Two doors up the street is the Hastings Dance Studio, home to the Vancouver Table Tennis Club. It started life as an Italian venue, a hall for the Venetian Benefit Association, designed by R T Perry in 1928. Opening as the Silver Slipper Club, Stevie Wilson outlines in Scout Magazine how in the 1930s The Celestial Gents (Canada’s first modern Chinese swing band) played here, as did The Pony Pals, an early version of the 1940s BC country band The Rhythm Pals. After a period when it was called the Hastings Auditorium, (as in this 1965 image, with dancing on Wednesday and Saturday) in the 1980s it became the Viking Hall. It was home to concerts by punk bands including the Pointed Sticks, who played here in Dennis Hopper’s movie ‘Out of the Blue’. Now located in a part of the city where developers are eyeing up opportunities, and where the recently adopted Downtown Eastside Plan anticipates redevelopment, it’s long term future is probably in peril.
Image source: City of Vancouver Archives CVA 772-20
The Rice Block is another of the city’s ‘1912 boom’ residential buildings. Sitting on the corner of Hawks and East Hastings, it’s history is surprisingly unpublished. Originally known as the Thistle Rooms (in the Street Directory) and the Rice Block (on the 1912 Insurance Map), the recent restoration plan was written without the development history. It was designed by Otto Moberg for D H Rice, cost $30,000 to build, and was built by S J Lund. Moburg was a Swede who was working in Washington state in the early part of the 20th Century and came to Vancouver having won a design competition for buildings at the Pacific Exhibition. He also designed the rustic Tea House in Stanley Park, as well as several residential blocks including this one and today’s Ramada Hotel on West Pender. A couple of years after he arrived, when it became apparent that there was a building recession, he headed south, ending up in San Diego. The building contractor, Sefanias Johnson Lund was a Norwegian, born in 1879 or 1880, and he had also recently arrived in Vancouver from Seattle. By 1920 he had returned to King County, and in 1930 (and until his death in 1956) he was in San Bernadino County in California.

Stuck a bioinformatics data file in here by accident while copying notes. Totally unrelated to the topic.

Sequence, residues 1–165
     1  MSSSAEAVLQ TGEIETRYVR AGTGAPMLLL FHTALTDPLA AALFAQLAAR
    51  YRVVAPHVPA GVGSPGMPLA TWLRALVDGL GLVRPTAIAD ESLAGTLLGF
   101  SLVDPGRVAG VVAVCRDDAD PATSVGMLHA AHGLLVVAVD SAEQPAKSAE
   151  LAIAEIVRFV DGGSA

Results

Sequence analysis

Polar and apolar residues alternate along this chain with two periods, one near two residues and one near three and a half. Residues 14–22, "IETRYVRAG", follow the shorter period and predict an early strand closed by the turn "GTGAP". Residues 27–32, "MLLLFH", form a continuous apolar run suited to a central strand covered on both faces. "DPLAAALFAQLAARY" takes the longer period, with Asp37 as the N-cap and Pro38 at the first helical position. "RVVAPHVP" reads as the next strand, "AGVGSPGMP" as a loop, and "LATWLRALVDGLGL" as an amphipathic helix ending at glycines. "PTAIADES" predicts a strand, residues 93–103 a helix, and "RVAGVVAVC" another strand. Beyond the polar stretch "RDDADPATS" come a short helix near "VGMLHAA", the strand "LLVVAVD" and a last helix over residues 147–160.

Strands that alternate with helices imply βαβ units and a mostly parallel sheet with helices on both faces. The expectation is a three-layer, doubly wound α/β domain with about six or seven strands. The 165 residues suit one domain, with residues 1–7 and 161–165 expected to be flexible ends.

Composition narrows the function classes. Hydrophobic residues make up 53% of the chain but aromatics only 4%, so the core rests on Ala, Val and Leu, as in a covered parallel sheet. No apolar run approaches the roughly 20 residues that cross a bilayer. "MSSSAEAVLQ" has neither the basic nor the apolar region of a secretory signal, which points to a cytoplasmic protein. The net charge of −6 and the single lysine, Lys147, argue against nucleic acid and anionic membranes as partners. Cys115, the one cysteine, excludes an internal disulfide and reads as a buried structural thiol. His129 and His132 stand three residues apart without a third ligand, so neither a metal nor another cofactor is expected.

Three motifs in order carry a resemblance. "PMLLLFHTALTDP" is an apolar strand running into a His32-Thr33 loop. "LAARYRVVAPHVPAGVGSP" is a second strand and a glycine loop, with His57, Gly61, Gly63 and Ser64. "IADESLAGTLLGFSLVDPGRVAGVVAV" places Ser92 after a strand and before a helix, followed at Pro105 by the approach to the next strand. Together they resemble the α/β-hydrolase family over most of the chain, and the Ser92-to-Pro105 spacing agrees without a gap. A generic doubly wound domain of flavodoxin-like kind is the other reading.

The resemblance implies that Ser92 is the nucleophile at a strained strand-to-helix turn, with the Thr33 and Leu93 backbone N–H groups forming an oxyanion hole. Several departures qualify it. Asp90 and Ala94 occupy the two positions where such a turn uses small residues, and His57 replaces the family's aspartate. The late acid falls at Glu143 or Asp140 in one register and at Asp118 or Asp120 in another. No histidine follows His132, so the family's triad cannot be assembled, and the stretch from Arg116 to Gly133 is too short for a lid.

We weren’t completely sure about Mr Rice’s early history. There’s a Daniel H Rice living in Grand Forks in 1900, running a grocery store with James E Rice. There were two Daniel Rice’s shown in the 1901 Census; one was 26, boarding in Chilliwack, originally from England and working as CPR Labourer. The other was in Rossland in the Kootenay, aged 30, married to Olive with a one-year old son, Lorne. He was a grocer, and listed as an American. It may be that our Daniel Rice was neither of these gentlemen, but we’re reasonably certain he was the American grocer. The English Daniel Rice was still working as a CPR Labourer when he was identified in the 1911 census – although now he was aged 42. There was a third Daniel Rice in British Columbia in 1901, a 29-year-old miner in Milford Creek. He unfortunately died that year; his death certificate recording the cause: “a blow from a bear”.
The first time he shows up in Vancouver is in 1905, as an Insurance Agent for New York Life, living at 552 Granville. A year later he’s manager of the Pacific Land Co, and has moved to 1255 Seymour, and in 1908 he’s living on Hornby Street. As well as the Land Co he was still acting as the BC agent for an insurance company; the Western Canada Fire Insurance Company. In 1911 he had offices on Homer Street, and was shown living at 404 Hawks Avenue – so we assume he redeveloped the site of his house with the apartment building.
Our reason for thinking Mr. Rice was an American is that James E Rice, who was born in Chatfield Minnesota was Managing Director of the Western Canada Fire Insurance Co in 1912. He had been a telegraph operator with the CPR, was Chairman of the Finance Committee in Rat Portage at the turn of the century and moved to Calgary in Alberta in 1903. It would be a remarkable coincidence if he wasn’t a grocer in Grand Forks in 1900. He was eight years older than his brother, Daniel, who was 9 in the 1880 US Census, both members of a large family whose parents had emigrated to the US from Ireland.
Mr. Rice was mis-named on the 1911 Census as Daniel Rise, and his children were shown as Lorne and Angila. As in 1901, he’s shown as being American. The Daily World in the same year reported “D H Rice, formerly of the Pacific Land Company, Is located at 401 Homer street.” He owned motor vehicle licence #1881 in 1912, where he was shown registered to 924 Granville Street, which was the address of the Dissette Motor Co. In 1912 he had a partner in D H Rice & Co, Frank J Fitz Simmons. In that same year he built this building and also hired Halloran Construction Co to move and alter a house on Pender Street. He had moved again, this time to 1054 W 10th Av. A year later his partner is no longer associated with his company. In 1915 the Rice Block is listed for the first time, and Daniel H was shown living there, listed as a notary public and as an insurance agent. By 1917 he has given up the other business interests – he’s shown as Dan Rice, managing the furnished rooms as well as running the Thistle Café.